Two way traffic made for some dicey passing opportunities

Some upper sections were steep
The views from the summit of Montara Mountain made the climb worthwhile, but I was looking forward to the descent! Three miles of semi-technical downhill lay before me, and as I had kept it easy on the way up, most of the two way traffic I had to negotiate was above the single track. I had one parade of about eight runners to pass on the narrow trail, and then it was off to the races. I got my cadence up around 190, and clicked off effortless seven minute miles on the way back to the park, and the second loop.

The upper sections were nice and wide, allowing easy passing

The views were hard to appreciate on the downhills!

After following a train of runners who missed a turn at the bottom of the hill, I regained the course and ran confidently into the aid station. I felt great: no niggles since the calf cramp, I'd finished 20 ounces of Tailwind, and I was ahead of my goal split. I refilled my bottle, got a quick kiss from Twirly and set out on the third of the four climbs with just over five miles to go. The temperature seemed to climb as the wind out of the East brought the heat from inland.

I'd been oscillating with a small group of runners who would pass me, slowly, on the climbs. Only a few of these runners made it out of the aid station fast enough to catch me, and I caught all but one of them on the next descent, a short downhill back into the valley. Then, the final four miles was a grunt up a series of switch backs followed by a final fast descent through Eucalyptus groves to the finish line. I had been shooting for a modest finishing time of 2:45, but ended up crossing the line 37th out of 131, at 2:29, just barely edging out another 40-49 age group man at the line (for 8th in my AG). I don't usually kick in a trail race, but I had lots of gas left in the tank, and, well, sometimes the urge to compete can overwhelm, right?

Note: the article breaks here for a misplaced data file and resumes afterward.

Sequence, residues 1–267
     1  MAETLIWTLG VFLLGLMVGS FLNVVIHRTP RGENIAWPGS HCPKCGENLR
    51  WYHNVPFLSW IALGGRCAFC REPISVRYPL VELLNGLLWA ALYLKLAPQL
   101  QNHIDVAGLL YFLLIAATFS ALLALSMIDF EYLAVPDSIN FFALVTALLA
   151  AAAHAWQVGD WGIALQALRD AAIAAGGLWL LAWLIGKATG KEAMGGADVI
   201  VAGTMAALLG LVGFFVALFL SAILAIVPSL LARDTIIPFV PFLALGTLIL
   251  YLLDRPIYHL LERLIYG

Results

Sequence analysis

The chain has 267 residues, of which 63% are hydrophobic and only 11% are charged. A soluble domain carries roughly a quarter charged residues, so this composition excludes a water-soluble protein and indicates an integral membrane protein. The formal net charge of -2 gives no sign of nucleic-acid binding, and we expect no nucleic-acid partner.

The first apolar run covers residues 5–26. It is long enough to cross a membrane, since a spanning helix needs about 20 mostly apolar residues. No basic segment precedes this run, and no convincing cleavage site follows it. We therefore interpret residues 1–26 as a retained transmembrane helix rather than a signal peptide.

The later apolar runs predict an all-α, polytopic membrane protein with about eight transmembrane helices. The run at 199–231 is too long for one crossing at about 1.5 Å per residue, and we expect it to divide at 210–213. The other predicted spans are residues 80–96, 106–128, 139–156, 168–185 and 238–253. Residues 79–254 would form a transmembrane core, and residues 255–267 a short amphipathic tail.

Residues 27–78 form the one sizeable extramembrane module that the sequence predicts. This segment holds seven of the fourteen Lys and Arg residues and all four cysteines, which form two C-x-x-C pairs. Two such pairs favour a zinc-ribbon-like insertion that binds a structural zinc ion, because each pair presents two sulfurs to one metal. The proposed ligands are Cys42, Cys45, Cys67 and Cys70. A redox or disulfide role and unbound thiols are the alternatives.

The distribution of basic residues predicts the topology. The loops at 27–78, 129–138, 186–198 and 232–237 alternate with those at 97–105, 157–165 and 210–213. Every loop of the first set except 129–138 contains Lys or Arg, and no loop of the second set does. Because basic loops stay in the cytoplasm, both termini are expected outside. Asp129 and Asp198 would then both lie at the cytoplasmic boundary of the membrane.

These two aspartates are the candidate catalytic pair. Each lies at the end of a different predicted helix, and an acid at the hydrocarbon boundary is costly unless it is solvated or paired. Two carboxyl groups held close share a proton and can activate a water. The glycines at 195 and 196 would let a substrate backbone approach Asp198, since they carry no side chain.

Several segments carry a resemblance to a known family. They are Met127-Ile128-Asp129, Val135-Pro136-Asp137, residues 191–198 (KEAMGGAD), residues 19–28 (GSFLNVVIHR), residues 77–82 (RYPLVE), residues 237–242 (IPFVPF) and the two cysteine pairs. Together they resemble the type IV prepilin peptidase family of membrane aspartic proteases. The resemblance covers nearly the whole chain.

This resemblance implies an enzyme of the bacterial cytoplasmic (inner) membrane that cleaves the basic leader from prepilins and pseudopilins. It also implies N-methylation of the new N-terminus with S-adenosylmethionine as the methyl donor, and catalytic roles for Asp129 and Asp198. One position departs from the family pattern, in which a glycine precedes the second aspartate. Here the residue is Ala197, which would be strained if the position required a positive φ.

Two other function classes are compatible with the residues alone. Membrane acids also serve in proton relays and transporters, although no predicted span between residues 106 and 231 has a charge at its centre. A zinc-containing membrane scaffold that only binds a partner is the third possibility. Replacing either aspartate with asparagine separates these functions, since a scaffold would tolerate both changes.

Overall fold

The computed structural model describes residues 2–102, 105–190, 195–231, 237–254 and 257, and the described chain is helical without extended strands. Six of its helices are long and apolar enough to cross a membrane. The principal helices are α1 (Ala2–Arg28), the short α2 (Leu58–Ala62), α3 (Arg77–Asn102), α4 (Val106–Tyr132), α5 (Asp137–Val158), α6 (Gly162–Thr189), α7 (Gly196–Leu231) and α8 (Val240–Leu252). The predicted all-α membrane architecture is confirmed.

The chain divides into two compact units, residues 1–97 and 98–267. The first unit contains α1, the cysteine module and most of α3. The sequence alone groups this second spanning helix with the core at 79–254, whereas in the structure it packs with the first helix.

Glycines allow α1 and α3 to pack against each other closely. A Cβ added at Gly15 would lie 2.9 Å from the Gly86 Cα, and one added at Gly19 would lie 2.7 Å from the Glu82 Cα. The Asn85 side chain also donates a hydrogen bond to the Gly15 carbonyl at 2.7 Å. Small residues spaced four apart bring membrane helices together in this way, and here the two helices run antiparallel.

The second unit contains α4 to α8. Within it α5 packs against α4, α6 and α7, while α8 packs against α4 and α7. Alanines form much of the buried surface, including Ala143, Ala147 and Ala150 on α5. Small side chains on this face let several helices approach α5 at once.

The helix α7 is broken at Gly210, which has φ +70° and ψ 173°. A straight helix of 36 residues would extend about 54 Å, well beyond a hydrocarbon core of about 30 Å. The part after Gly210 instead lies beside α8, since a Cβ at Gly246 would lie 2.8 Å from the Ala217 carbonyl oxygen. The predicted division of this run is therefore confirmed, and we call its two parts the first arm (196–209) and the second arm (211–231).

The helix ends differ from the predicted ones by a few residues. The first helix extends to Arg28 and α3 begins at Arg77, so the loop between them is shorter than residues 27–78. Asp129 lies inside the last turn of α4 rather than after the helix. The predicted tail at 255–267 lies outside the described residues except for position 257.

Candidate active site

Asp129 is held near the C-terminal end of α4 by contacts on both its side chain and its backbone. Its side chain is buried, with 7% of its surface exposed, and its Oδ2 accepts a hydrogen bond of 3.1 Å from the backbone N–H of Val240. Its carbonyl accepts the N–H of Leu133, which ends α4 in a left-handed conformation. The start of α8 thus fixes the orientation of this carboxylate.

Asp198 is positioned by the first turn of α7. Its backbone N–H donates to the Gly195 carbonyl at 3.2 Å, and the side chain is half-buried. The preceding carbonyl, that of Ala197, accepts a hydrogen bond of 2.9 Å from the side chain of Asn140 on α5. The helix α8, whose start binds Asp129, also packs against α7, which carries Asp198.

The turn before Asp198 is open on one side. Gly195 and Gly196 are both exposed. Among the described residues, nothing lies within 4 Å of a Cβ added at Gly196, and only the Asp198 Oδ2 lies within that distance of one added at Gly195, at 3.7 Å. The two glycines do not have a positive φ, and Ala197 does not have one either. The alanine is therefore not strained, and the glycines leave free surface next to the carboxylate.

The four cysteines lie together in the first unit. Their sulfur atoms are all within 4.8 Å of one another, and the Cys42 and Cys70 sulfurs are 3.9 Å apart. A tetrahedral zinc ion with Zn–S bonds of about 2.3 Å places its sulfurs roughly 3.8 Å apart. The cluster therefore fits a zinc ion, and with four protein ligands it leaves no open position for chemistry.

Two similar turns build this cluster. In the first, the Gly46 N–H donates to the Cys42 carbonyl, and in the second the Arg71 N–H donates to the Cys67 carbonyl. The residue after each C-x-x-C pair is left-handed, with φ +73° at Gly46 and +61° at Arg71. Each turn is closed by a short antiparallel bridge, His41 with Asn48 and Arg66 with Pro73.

This race course is absolutely stunning; views of the ocean, Pacifica, San Francisco and the Bay all compete for your attention. Fortunately, there is enough climbing for one to appreciate them, because on the descents, taking in the view is a recipe for bloodied knees or worse! The volunteers were supportive and helpful, and the course was well marked (I would not have taken that wrong turn if I was leading - the trail was obviously marked).

My favorite part about running this event was that it was free for me! I used a volunteer credit I had earned at the 2012 Woodside Ramble. Twirly and I followed the spectacular morning with lunch at a friend's house on the beach, where we grilled up some Gorilla Barbecue chicken, and soaked up the sun. Despite the brutal elevation, I'll be back for this one, if only for those screaming downhills!

Thursday, January 16, 2014

More Media: Journeyfilm Prepares a Webseries

Journeyfilm, maker of Unbreakable: The Western States 100, is gearing up for a weekly web series covering ultra events and culture. The trailer is classic Journeyfilm's footage of trail running at its finest. At just 47 seconds, it has the uncanny ability to make me want to go run!